The National WWII Museum in New Orleans is usually a major bullet point on the itineraries of travelers coming to the city for more than just the party. The vast space - filled with artifacts, exhibits and informative staff - can keep visitors busy for nearly a full day. That was, until, they started screening the Tom Hanks-produced "Beyond All Boundaries" in 2009.
When Hanks lent his voice and checkbook to this production, few figured that it would persist as a source of major drawing power for the museum. Yet the 4D spectacle has now been showing daily for over four years, and there are no plans in site to alter its schedule.
Inside a screening of "Beyond All Boundaries" — Photo courtesy of The National WWII Museum
When guests arrive for a showing, many question this fourth dimension, as most are used to two when viewing movies, and some have additional experience with the third. The fourth dimension is the experience: the seats vibrate when action occurs on screen and props/scenery adjust to help match what is showing on screen. The production as a whole is riveting and worth visiting the museum again for if you've missed "Beyond All Boundaries" in the past.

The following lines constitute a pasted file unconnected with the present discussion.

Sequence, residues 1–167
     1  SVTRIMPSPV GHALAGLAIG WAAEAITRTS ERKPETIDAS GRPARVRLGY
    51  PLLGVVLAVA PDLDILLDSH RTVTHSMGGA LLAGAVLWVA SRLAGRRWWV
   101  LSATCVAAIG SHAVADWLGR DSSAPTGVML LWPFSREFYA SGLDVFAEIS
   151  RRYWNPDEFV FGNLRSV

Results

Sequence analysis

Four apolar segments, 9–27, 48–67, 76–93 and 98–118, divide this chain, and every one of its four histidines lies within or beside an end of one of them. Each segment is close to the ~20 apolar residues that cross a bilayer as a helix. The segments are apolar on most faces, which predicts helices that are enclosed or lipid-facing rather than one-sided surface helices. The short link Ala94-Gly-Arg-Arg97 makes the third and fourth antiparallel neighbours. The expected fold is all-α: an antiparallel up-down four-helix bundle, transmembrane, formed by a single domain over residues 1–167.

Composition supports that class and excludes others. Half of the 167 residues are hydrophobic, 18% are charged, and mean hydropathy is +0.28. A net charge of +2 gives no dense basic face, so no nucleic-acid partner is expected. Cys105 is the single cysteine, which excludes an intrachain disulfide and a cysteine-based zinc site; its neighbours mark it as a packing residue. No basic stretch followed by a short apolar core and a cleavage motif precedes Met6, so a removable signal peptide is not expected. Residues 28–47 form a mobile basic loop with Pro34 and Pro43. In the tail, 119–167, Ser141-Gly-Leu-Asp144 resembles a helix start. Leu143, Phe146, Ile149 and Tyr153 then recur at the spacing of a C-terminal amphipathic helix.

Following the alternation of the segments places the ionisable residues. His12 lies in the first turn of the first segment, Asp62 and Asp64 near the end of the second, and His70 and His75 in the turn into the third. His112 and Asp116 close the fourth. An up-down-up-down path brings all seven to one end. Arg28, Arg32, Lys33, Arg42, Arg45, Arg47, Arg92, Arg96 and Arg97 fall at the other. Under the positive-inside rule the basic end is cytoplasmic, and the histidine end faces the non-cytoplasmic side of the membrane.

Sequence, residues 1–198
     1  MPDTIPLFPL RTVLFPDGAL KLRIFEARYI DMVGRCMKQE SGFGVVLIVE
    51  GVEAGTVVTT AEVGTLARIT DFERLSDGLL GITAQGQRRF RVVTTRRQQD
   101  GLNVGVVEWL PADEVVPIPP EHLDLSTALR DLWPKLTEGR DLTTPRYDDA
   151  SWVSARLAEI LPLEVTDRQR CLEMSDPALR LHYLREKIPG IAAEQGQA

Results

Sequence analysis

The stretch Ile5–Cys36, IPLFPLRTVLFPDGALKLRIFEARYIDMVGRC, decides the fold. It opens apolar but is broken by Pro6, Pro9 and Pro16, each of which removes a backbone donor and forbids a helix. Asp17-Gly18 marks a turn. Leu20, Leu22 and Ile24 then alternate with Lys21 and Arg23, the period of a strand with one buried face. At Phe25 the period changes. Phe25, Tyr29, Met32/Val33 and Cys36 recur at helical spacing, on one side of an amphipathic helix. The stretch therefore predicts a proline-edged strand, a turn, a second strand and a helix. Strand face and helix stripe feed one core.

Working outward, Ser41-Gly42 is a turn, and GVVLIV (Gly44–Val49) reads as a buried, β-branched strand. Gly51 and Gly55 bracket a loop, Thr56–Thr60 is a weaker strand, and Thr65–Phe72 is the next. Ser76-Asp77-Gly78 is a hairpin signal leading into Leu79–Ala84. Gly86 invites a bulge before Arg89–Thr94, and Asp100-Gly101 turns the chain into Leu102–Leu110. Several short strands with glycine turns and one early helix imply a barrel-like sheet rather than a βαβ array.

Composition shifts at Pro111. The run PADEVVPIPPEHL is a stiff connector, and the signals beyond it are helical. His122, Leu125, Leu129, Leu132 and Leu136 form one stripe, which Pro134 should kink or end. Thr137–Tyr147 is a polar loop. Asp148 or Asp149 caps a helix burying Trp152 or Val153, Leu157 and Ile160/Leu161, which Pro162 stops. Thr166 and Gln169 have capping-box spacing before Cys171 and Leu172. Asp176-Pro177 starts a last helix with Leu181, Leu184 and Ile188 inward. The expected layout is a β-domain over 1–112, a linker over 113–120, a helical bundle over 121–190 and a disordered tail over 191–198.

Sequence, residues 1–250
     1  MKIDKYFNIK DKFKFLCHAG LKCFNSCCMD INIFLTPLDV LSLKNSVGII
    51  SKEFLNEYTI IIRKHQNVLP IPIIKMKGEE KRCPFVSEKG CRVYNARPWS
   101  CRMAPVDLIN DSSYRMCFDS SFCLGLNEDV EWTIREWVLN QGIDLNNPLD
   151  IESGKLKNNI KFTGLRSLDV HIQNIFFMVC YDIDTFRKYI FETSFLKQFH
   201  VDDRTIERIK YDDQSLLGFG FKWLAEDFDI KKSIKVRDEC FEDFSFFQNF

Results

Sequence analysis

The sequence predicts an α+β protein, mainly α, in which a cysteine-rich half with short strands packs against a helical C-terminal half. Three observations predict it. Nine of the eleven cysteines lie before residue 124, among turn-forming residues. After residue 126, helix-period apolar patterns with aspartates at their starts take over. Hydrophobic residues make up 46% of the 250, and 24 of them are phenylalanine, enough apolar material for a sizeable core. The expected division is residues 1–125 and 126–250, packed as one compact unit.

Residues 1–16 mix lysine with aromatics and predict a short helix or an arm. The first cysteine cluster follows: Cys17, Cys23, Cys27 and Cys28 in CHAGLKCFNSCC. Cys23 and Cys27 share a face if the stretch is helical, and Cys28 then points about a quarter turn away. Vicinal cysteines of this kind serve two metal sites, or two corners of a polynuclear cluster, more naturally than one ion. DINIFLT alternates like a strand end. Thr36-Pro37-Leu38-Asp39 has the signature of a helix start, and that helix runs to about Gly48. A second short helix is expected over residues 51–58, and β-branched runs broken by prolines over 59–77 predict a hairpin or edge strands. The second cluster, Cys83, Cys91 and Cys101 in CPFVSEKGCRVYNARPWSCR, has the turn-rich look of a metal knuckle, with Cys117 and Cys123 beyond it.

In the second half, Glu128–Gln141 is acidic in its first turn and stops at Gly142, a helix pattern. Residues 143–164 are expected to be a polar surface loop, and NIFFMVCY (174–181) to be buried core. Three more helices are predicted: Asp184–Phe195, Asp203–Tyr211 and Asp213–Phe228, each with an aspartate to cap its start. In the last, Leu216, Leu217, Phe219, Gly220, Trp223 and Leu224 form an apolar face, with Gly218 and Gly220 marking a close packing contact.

The movie is such a big hit that it was recently honored for "Outstanding Achievement," a tribute to the amount of work and preparation that went into the hit exhibit. The multi-layered, CGI-animated film features not only Tom Hanks, but bit cameos from Brad Pitt, Tobey Maguire and Gary Sinise. First-person accounts from the trenches add a personal touch to this saga about the war that altered the landscape of the world.
The movie shows in the Solomon Victory Theater, with hourly showings beginning at 10 a.m. These shows fill up quick, so it is highly advised to purchase tickets in advance. The more people in your group, the earlier you'll want to show up in order to sit together.
Besides this experience, the National WWII Museum has many other interesting exhibits to check out. The Boeing Center highlights the "warbirds" used in World War II, with replicas and actual fighters hanging from the ceiling. In the Louisiana Memorial Pavilion, the emphasis is on D-Day. New Orleans was particularly important to this segment of the war, as it was here that the beach storming boats were designed and built.
All in all, the success of the "Beyond All Boundaries" experience has been wonderful for the museum and its guests. If you haven't had a chance to visit the WWII Museum, make a point to - even if just to see this great film.